[KS] A new proposal on the Romanization of Korean Surnames
mrussell at pobox.com
Thu Jul 4 10:40:43 EDT 2013
A few years ago, the Busan government suggested/ordered that the nice people at the Pusan International Film Festival update their name to reflect the official spelling. So today we have the BIFF.
However PiFan, the fantasy film festival in Bucheon, remains unchanged.
I do believe "Pusan Perimeter" was judged by the Korean government to be "too famous" so that it is unchanged, too.
I don't see what is the problem with "eo", "eu" and the like, as all languages have their spelling vagaries that have to be learned. There's no way I ever would have known by sight that "oiseau" (bird) in French should be pronounced "wazo". (Although, personally, I really dislike "oe" for 외, and wish something like "way" had been chosen.) As a native speaker of the language with by far the worst spelling regime in the world (English), I don't much like throwing stones in my glass house.
The nice thing about the current RR system is that it works well with the Internet. Which is probably more important than speaking these days.
> I was indeed involved in an attempt made some years back to review the romanization issue, with as a hidden agenda the reinstatement of MR as the official system. It was obvious from the start that the idea was doomed simply because the Internet was already flooded with tens of millions of RR romanizations. It would be a brave but foolish person who would suddenly try to persuade the world's airlines and travel companies that Incheon no longer exists, an ever braver but even more foolish one who might then try to make them put breves over the "o" of Inch'on. There was a move to propose a small revision of RR to change the very problematic forms "eo" and "eu" which are positively misleading for people who do not know Korean. That came to nothing essentially because nobody has as yet put forward any convincing alternative. The best idea, I think, would be to ignore the differences and use "o" and "u" for both "eo" and "o" "eu" and "u" sounds but no Korean would accept that.
> The main reason why there could in fact be no return to MR in my opinion is that there is no way of convincing a Korean (or most non-Koreans) that Cheju is "right" and "Jeju" is wrong, when the Hangeul spelling uses the same consonant twice. Koreans are the people performing the majority of romanizations and MR does not correspond to the way they feel their language (unless they are academic linguists, I suppose). The MR rules governing the changes between d/t, p/b, j/ch, k/g in MR make no sense to them (or me).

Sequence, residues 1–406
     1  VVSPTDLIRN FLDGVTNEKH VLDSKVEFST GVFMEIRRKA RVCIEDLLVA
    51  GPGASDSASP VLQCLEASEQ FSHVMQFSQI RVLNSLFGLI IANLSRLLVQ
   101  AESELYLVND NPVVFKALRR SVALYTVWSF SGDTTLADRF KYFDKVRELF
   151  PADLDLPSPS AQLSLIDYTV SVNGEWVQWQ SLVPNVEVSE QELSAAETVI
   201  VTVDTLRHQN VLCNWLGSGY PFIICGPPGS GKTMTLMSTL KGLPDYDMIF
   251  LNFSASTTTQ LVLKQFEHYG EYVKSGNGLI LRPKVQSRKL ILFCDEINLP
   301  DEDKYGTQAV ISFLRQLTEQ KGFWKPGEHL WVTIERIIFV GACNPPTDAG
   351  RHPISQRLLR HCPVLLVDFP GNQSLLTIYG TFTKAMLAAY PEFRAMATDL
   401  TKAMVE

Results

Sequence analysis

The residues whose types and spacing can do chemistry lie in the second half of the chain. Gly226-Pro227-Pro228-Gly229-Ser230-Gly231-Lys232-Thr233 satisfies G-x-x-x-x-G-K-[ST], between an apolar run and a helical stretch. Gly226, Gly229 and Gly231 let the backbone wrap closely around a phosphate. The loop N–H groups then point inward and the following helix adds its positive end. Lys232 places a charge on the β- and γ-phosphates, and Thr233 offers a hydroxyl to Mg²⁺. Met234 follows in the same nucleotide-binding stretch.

> When RR was promulgated, it was less than fully developed, there being a rush to impose it on the world. The most troubling feature was the failure of its inventors to consider the need for limited word lengths and clear indications of syllable breaks. The dogma of "no diacritics" was extended to include "no hyphens or apostrophes" and the result is the hideous set of unpronounceable names containing endless strings of consonants: Cheongyeollu, Hyeopgyeongdang, Geoncheonggung are halls in Gyeongbokgung; even worse are the dreadful new street names: Bukbuganseondoro, Gangbyeonbukno in Seoul, Gyeonhwonwanggungro, Jeonjujeonseoro, Seongjeongjungangro in Jeonju. I believe there has been no attempt by the Korean authorities to develop the necessary adaptations of RR corresponding to the Library of Congress guide to the subtle detailed applications of MR. That is one of the great problems, since there is nowhere in Korea any coherent political will that might operate profound change. Indeed that is good, since there are a number of people here ready with alternative romanization systems beside which RR is perfectly wonderful.
> Another issue neglected in 2000 was that of exceptions. Originally it was (I believe) decreed that universally accepted roman-alphabet spellings of (say) Pusan or Inchon (as in "Inchon Landing" should not be changed. Bureaucratic enthusiasm took no account of that, although I think we still have the Pusan International Film Festival held regularly in Busan (the registered name could not be changed). As for family names, I believe that common sense was the deciding factor. No Korean, even under the strongest dictator, has ever been willing to be told how to write their name in roman letters. In passports, each person has always been free to use the spelling of their choice. We were shown examples of the huge variety of spellings that have resulted, 12-15 or more for a single name. I note from today's posting that the stubborn urge to standardize the spelling of family names is still not dead. One valid reason is the probable inclusion of romanized names in future citizen ID cards. Obviously there has to be a fixed system; at the same time, as we know, most Kims will never agree to be written Gim, most Pa(r)ks will revolt against being written Bak. In any case, today's Koreans would never allow the Government to tell them how to write their names on their business cards. With the diversity of spellings found in passports, grave problems have arisen in foreign countries when Mr. Chough has tried to obtain visas for Miss Joh and Mr Chou, claiming that they were his children.
> The romanization ball lies with Koreans, today, and since each of them plays the game following his/her own very different rules (the game is not taught in schools), there is very little likelihood that much consensus will occur in the foreseeable future.
> Brother Anthony
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